@HealthMed Opium is widely used internationally. A study from Iran just published in the British Medical Journal now reports almost doubling of mortality rates in regular users of opium.
Here are my comments to the Science Media Centre on this study:
"The key message in this prospective study on opiates is of interest to pharmacologists, health professionals and members of the public: use of recreational opium, whether raw or modified, smoked or swallowed, appears associated with increased risk of death from a wide range of diseases, including circulatory and respiratory disorders, and cancer.
"However the results need to be interpreted with caution. This work is from north-east Iran and may not be typical for other ethnically or genetically different individuals. The authors note that they cannot be sure whether the relationship is causative. And oddly, risks from opiates did not appear to be amplified in people with high blood pressure, smokers or diabetics, raising some questions about the accuracy of clinical data collection."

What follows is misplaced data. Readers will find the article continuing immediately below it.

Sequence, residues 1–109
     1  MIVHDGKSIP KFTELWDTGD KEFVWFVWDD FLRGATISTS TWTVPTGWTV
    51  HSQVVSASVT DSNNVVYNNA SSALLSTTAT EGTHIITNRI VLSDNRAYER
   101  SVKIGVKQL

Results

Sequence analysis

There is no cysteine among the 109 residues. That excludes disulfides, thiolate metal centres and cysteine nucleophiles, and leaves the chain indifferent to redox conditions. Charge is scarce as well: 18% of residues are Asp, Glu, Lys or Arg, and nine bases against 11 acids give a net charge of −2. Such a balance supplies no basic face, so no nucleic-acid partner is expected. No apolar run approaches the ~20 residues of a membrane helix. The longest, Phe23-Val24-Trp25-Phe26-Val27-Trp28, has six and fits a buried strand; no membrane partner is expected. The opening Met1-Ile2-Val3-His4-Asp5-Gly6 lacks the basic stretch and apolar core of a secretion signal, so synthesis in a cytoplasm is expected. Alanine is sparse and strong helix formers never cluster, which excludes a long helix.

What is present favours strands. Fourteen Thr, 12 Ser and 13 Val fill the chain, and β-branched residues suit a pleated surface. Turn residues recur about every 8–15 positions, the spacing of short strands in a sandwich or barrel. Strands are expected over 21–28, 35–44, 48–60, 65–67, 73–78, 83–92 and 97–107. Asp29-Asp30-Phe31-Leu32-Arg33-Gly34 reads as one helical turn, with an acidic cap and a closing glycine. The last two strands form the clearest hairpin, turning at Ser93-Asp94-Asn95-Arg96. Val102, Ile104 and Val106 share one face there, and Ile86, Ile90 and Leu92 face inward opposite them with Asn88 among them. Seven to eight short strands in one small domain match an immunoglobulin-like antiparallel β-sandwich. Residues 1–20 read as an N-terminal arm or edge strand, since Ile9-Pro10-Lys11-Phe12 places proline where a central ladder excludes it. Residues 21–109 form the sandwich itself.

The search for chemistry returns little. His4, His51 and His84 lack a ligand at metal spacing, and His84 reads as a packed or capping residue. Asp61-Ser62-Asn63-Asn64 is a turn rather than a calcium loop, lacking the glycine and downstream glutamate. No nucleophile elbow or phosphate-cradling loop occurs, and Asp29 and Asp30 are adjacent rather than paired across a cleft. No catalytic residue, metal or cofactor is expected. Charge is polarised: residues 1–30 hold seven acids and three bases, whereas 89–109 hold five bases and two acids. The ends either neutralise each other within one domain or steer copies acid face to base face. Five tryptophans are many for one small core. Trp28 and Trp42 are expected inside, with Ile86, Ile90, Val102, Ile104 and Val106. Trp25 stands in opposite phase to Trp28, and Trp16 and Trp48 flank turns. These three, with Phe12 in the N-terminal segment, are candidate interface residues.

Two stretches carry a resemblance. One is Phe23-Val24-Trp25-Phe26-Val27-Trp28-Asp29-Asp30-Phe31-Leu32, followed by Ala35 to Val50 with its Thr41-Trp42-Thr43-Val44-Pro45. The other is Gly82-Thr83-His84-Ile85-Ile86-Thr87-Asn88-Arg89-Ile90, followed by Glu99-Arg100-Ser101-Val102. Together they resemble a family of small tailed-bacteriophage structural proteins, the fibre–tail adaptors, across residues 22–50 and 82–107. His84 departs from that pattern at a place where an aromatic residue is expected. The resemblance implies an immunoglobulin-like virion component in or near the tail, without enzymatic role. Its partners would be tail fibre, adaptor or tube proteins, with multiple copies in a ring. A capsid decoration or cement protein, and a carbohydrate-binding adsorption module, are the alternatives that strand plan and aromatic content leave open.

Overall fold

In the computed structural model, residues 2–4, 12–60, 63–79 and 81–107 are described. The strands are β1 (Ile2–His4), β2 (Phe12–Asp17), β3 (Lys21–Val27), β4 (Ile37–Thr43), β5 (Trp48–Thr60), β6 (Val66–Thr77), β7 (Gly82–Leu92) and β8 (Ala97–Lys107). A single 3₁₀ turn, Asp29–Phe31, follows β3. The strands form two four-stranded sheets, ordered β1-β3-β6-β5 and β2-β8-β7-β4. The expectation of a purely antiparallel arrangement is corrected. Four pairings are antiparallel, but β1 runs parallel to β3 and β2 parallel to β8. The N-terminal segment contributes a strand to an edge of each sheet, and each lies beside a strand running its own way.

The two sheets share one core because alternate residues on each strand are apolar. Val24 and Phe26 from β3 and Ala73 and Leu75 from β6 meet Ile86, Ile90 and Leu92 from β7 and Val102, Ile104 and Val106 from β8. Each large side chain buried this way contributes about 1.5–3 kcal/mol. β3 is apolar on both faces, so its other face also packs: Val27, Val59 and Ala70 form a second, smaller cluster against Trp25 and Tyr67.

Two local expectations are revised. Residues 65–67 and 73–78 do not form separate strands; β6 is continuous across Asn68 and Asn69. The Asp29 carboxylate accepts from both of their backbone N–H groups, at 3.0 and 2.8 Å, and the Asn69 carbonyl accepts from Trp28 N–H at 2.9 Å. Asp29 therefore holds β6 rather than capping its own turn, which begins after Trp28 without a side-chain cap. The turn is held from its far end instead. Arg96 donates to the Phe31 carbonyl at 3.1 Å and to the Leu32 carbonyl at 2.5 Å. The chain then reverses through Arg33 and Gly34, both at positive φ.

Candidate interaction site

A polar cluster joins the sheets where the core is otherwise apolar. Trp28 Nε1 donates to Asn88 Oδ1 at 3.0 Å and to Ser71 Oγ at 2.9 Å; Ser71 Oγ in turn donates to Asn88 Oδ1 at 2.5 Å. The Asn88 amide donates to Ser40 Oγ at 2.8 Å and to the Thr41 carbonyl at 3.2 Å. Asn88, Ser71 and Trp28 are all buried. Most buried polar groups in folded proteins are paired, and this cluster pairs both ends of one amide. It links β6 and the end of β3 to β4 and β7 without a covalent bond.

Although some commentators have linked findings of this study to use of medically prescribed or over the counter opiates, there are too many confounders for that to be a reasonable extrapolation from the BMJ study. Nonetheless the general principle remains that medicines should only be used when clinically indicated.
See more about the study and related comments on the New Zealand Science Media Centre site.